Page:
Under the law, the appeals court must affirm that denial by a district court unless it’s clearly wrong. The prisoner must show that “jurists of reason” could disagree with the judge’s ruling.
The appeals court panels said no such judge could agree with Buck: “Buck has not made out even a minimal showing that his case is exceptional.” It dispatched Abbot’s change of heart in a footnote: “Because it does not change the outcome of this appeal, we need not explore whether such a promise was made or how explicit it was.” No “jurists of reason” could disagree, the panel held.
The panel opinion was by Judge Jerry Smith, who during his three decades on the bench has emerged as a kind of appellate Judge Roy Bean. In 1996, Smith wrote an opinion overruling a Supreme Court decision on affirmative action, on the grounds that the Court probably didn’t really stand behind it. (Reasonable appellate judges ordinarily understand that they don’t get to overturn Supreme Court opinions.) Smith’s decision was repudiated by the Court in two subsequent cases.
While the Supreme Court was considering the Affordable Care Act “individual mandate” case, Smith ordered Attorney General Eric Holder to write him a letter explaining political comments by President Obama. (Reasonable appellate judges ordinarily understand that the president and the United States are not the same thing; when the U.S. is a party to a case, the president isn’t, and is thus not subject to the Court’s political supervision.) But even for Smith, there was something breathtaking about his breezy assertion that “jurists of reason would not debate that Buck has failed to show extraordinary circumstances justifying relief.”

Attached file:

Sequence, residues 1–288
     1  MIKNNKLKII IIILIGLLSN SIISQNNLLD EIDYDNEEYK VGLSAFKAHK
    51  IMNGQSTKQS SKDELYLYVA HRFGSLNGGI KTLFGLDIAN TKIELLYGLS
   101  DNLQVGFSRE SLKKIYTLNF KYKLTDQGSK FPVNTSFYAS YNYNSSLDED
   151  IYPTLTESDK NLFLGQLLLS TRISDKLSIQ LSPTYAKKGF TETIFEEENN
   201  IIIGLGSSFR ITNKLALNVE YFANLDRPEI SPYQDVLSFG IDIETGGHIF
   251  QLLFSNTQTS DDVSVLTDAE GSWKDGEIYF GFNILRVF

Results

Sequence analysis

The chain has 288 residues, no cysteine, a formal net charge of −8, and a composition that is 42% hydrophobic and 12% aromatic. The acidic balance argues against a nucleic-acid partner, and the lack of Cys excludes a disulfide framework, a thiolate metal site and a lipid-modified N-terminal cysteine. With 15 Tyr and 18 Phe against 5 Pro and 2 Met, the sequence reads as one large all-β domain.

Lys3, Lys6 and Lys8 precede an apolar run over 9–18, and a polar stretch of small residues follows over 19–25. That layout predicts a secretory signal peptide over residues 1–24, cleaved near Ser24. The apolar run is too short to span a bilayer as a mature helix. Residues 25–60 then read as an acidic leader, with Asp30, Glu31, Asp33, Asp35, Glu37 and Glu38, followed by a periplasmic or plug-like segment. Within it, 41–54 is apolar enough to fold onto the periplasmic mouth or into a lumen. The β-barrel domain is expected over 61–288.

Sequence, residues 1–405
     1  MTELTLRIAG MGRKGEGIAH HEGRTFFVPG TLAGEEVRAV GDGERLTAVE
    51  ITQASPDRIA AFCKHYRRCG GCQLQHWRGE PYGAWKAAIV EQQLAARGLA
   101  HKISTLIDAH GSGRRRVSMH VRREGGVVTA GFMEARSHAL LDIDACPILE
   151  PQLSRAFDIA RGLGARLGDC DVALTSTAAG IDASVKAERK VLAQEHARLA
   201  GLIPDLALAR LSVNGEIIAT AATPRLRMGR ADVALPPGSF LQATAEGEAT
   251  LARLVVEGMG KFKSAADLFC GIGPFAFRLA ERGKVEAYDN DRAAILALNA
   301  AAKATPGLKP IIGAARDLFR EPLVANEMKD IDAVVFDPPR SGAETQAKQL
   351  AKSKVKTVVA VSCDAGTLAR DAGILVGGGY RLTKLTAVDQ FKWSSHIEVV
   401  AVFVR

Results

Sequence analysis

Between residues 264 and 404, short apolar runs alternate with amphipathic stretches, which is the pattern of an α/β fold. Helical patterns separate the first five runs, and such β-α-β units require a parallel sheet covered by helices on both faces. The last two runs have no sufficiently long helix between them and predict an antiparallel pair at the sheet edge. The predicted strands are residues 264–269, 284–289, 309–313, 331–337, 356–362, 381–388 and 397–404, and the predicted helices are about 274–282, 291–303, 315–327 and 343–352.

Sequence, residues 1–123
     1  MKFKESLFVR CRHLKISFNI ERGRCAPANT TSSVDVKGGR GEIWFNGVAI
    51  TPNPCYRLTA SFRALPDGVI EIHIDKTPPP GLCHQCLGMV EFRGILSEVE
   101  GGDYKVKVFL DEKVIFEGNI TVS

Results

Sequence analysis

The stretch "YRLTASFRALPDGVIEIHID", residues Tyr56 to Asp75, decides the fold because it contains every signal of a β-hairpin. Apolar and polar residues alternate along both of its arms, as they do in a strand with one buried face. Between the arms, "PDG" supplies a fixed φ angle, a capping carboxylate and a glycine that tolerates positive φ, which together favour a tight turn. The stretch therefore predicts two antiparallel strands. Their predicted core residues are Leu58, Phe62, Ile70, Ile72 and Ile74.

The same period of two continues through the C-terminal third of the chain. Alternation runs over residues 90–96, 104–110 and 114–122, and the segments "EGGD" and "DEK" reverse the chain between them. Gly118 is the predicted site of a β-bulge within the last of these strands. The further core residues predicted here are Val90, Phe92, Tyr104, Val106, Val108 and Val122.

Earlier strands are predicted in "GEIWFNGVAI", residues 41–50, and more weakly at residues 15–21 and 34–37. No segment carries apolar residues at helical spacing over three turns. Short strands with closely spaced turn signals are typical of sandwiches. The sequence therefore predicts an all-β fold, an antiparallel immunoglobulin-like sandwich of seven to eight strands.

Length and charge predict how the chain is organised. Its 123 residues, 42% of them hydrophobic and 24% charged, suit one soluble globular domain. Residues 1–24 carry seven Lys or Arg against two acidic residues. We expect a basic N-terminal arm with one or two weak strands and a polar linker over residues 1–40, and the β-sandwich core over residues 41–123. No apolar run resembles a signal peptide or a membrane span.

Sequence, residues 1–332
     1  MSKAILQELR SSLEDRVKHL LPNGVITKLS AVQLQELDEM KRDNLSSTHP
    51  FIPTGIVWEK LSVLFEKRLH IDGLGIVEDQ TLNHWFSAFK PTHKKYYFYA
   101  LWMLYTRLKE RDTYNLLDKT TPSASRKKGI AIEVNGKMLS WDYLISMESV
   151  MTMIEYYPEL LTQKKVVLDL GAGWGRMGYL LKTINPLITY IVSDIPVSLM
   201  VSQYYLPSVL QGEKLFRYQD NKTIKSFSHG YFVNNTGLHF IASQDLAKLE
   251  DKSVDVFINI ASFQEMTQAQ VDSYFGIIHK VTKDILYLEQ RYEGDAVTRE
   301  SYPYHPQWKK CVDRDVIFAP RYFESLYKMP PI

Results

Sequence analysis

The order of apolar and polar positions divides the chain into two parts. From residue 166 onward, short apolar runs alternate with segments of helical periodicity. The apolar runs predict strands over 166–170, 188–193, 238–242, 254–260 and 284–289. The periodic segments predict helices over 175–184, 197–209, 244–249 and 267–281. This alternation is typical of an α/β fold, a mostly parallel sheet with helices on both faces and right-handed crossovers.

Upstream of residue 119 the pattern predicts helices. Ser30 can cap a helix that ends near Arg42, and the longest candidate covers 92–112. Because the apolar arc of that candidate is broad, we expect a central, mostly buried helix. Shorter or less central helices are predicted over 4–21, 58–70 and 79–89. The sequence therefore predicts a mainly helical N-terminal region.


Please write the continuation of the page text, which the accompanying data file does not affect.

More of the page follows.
Well, flashback to 2011, when the Supreme Court rejected Buck’s first petition. Two justices—Justices Sonia Sotomayor and Elena Kagan––dissented from that denial of review. In an opinion by Sotomayor, they said: “a petitioner must show that ‘jurists of reason could disagree with the district court’s resolution of his constitutional claims or that jurists could conclude the issues presented are adequate to deserve encouragement to proceed further.’ Buck has met this standard.”
This was precisely the question before the Fifth Circuit panel. When Buck asked for rehearing by the full court, the majority denied it. But two judges dissented. “A proper, threshold inquiry into Buck’s claim would have revealed that reasonable jurists could disagree with the district court’s conclusions,” their dissent said.
The bald-faced claim that no real judge could find Buck eligible for relief is belied by the record. Let’s just say it is legal fiction.
Speaking of legal fictions, in that 2011 petition, Justice Samuel Alito, joined by Justices Antonin Scalia and Stephen Breyer, answered Sotomayor’s dissent with a statement that Buck’s case did not warrant review. It was true that the defense had offered Quijano as a witness in other cases, contrary to what the state had claimed, Alito said; but in those other cases, it was the prosecutor who asked the questions about race. “Only in Buck’s case did defense counsel elicit the race related testimony on direct examination,” Alito wrote. Again, Buck did it to himself.
Now the High Court has granted review again, and we will see what kinds of “jurists of reason” sit in our exalted temple of justice, whose entrance is inscribed with one of the greatest legal fictions: “Equal Justice Under Law.”
Correction: This article originally misidentified Buck's first habeas petition as being federal rather than state. We regret the error.
This article originally misstated that Buck's second habeas application was evaluated by the Fifth Circuit. We regret the error.